I was also quickly won over by the brownies, which are the best I've ever had. And for a serious chocolate addict like me, that says a lot. Megan revealed that her secret is unsweetened chocolate. I've also become a huge fan of the coconut melty bars and my parents rave about the cupcakes.

Chocolate cupcakes with raspberry frosting
Before I came along, Megan had been doing on the baking on her own while Chris ran the front of the store, greeting customers, making coffee and taking orders for birthday and wedding cakes. Chris and Megan are on a first name basis with most of their customers. I frequently hear them having long conversations when I am in the back scooping red velvet whoopie pies or cutting up croissants for bread pudding.

Chris at the counter helping a customer 

Megan making crumb cake in the kitchen
I was told that working in kitchens can be pretty grueling and I would have to develop a thick skin. That is why I feel like I lucked out finding Dough Heads. I think I'm learning a lot and Megan has been great to work for -  she has endless patience when I try to shape baguettes and they end up looking like a long snake that ate a mongoose. And she was very understanding when I didn't fill the eclairs enough on my first try. We had to hold each one upside down after they were covered in chocolate to add more filling. Somehow that ended with me getting to eat one of the barely filled eclairs, so I don't think I was in any trouble.

I'm probably responsible for the oddly shaped baguette on the left 
On Sunday mornings when customers from the neighborhood stream in for coffee, croissants and muffins I get a little jealous that there isn't such a place near my home. I would spend all my afternoons there drinking coffee, working on my lap top and eating sweets until my stomach hurt (which I sometimes get to do now under the excuse of "trying of the products").

Megan agreed to share her pumpkin whoopie pie recipe with me. I think it would make a perfect treat on the Thanksgiving dessert table, or anytime during the fall. And it seemed appropriate because Megan is from Maine, where the whoopie pie craze started.

Please stop by and visit! I'll be working in the back on weekends through the new year, and the bakery is open Tuesday-Sunday.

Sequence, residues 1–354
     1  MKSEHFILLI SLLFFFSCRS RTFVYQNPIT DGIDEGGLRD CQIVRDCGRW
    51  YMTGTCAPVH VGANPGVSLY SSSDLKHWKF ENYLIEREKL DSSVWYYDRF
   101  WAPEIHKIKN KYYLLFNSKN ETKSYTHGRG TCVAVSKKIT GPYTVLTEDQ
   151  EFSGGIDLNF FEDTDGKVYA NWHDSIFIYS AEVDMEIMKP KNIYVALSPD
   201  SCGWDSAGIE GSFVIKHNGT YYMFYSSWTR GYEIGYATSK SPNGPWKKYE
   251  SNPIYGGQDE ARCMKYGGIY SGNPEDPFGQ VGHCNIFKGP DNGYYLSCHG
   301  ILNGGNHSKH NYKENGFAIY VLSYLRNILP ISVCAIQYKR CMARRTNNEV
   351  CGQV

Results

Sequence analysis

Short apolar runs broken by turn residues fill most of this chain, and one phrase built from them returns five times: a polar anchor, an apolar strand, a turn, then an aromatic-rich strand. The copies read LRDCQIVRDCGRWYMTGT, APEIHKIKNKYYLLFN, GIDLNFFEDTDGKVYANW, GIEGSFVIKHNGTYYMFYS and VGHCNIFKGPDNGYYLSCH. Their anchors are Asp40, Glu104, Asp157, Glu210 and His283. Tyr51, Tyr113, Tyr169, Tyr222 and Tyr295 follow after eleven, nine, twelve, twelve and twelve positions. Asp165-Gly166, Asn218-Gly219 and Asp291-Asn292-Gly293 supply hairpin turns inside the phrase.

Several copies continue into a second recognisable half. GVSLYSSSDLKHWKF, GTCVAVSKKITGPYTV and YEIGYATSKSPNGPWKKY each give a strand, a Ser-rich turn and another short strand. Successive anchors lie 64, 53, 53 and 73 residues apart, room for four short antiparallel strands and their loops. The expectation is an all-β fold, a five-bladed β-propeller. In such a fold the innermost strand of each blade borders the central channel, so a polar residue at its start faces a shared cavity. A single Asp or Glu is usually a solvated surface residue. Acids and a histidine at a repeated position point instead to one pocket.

Dough Heads Pumpkin Whoopie Pies
 Courtesy of Megan Olund

1 stick butter
3/4 cup sugar
2 eggs
1 teaspoon vanilla
1/2 cup sour cream
1/2 cup oil
one 15 oz can pumpkin

3 cups all-purpose flour
2 teaspoons baking powder
1 teaspoon baking soda
1 teaspoon salt
1 1/2 tablespoons cinnamon
1 teaspoon ginger
1/2 t  cloves

In the bowl of an electric mixer fitted with a paddle attachment beat butter and sugar until its light and fluffy, nearly the consistency of sour cream. This can be left going on the mixer while you prepare the other ingredients.

Add eggs one at a time, scraping bowl in between additions. The vanilla can be added with the eggs.

In a separate bowl combine combine sour cream, oil and pumpkin. Stir to mix together. In a second bowl combine flour, baking powder, baking soda, salt and spices. Mix together to combine I usually just stir with my hand.

After adding eggs to the butter and sugar, alternately add wet and dry ingredients in three additions, starting and ending with dry. Keep mixer on low during this step and scrape down bowl in between additions.

Using a small ice scream scoop, about the size of a tablespoon and a half, scoop leveled whoopie pie halves onto a sheet pan lined with parchment paper. For easier scooping, first refrigerate the batter for at least half and hour.

Bake at 350 degrees for about 7 minutes, until the halves are golden and spring back when touched.

Makes 36 whoopie pies or 74 halves

Pumpkin whoopie pie filling:

1 pound of Marshmallow fluff
2 sticks butter butter
8 oz cream cheese
3 cups confectioners sugar

Beat butter and cream cheese in the bowl of a mixer fitted with a paddle attachment until combined.
Add in the confectioners sugar and beat until light then beat in the fluff.

To assemble:

Scoop a small amount of filling onto cooled whoopie pie half, top with another half and gently press together.